About this time last year, I was sitting in the same place I am sitting now, mulling over similar thoughts, trying to convey sentiments that arose from the exact same place. A year ago, I put it thus:
“Sitting in my house back in the everyday, listening to the recordings from the weekend, it feels like stories do make a difference. During those two days something was kept alive, was nurtured, within us and between us. I am not sure how to put it. I am not even sure it has a name.”
And a year later, I realise that those words are probably the best I can do in my attempt to verbalise an experience which in many ways seem to resist being thought of, spoken of or penned down in a direct and straightforward manner. In the year that has passed I have come closer to speaking a language that expresses the collective sense-making that Dark Mountain is channeling and I have learnt the importance of names. But I have also found that the real work each of us are doing takes place in that unspoken territory where we commune with the world in a language other (and older) than words. For me, this is a language I have to re-learn, it is a grammar that I can only unearth in silence beyond the echo of my thoughts.
But I have found a postcard from the woods which does a terrific job at conveying the sentiment I felt at this year’s Uncivilisation festival. In Charlotte Du Cann’s words I find a ”story of a breaking kind” which resonates deeply with my state of mind and heart during the days in those woods. I recommend you read this if you want to get a feel for Unciv 2012, I could not find words half as good to describe what went on within us and between us. There is a beautiful paragraph in which Charlotte speaks what I want to convey with the image of a territory unspoken:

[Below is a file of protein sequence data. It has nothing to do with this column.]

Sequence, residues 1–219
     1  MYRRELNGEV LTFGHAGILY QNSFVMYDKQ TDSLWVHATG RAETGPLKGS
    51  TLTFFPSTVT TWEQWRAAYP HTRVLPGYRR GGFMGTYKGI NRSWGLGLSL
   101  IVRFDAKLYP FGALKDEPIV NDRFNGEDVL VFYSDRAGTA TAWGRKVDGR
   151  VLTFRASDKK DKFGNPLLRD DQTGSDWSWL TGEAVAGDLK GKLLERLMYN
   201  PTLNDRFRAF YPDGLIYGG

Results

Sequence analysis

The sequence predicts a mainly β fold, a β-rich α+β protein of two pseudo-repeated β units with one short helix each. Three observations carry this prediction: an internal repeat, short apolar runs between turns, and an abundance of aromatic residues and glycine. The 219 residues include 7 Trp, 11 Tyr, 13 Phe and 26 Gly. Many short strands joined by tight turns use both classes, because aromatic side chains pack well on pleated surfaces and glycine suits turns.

“You have to change the territory in which you move and speak, in which you come to different conclusions. You have to go into the woods and encounter the wild. The wild is not an escape from reality, it is a liberation into reality, out of the illusion of civilisation. For we are more than we think we are. We are kin with all creatures, all clouds, all rivers. We move and breathe and create part of the world’s dreaming, the verbs and adjectives of its language.”
The ”liberation into reality” is exactly the doorway that opens once we shed the tired language of modernity with its dualisms, linearity and progressive vocabulary and begin the journey in which we establish new concepts (or re-establish old ones) which are rooted in a wild grammar. But this journey is far from straightforward, it almost requires that we get lost on the way until we reach a point where we have come back to the starting point enough times that we see that the beginning and the end create a circular shape.
But there is a stumbling block on the way into the woods, rather like the fear that creeps in when you are presented with the blue pill and the red pill, or the bewilderment at the question the devil asks at the crossroads. Leaving civilisation means we’ve got to give up hope in the future. This is perhaps easy when we see that the future has been stripped down, raped, commodified and sold off to the highest bidder, but it is infinitely harder when we look at our families, closest friends, and all that we hold dear. For you, a thousand times yes! Unless we can change this impulse to ”for you, a thousand times no”, we will never have the courage to enter the woods.
In the conversations I have about collapse there is nearly always a point at which we get to a variation of the statement: ”we’re fucked full stop”. And the conversation nearly always pauses there. The next thing some people say is ”but I can’t accept that, that is in no way helpful because what is there to stop me from saying to hell with it all and burn all my priviliges in a last, nihilistic rampage of hedonism and relentless consumption?” Indeed. If all we were promised is false, what stops nihilism slipping in the back door? The only answer I can find is faith. Faith in the completeness of every single speck of dust, in the perfection residing within our impurity, in the way our organisms grow into the world, in each other and the cosmos.
The way that the thing which we call the universe unfolds is impenetrable to the mind that thinks in straight lines. It is only by surrendering our convictions and letting go of ourselves that we can begin to understand just how extraordinary existence is. And it is only by stepping outside our isolation and trusting in existence that we can find the faith we need to move beyond nihilism. One could say that it is the imposition of straight lines on that which spirals outward that is at the root of collapse. Paraphrasing Gregory Bateson: ”the world’s problems result from the difference between how nature works and how we think”.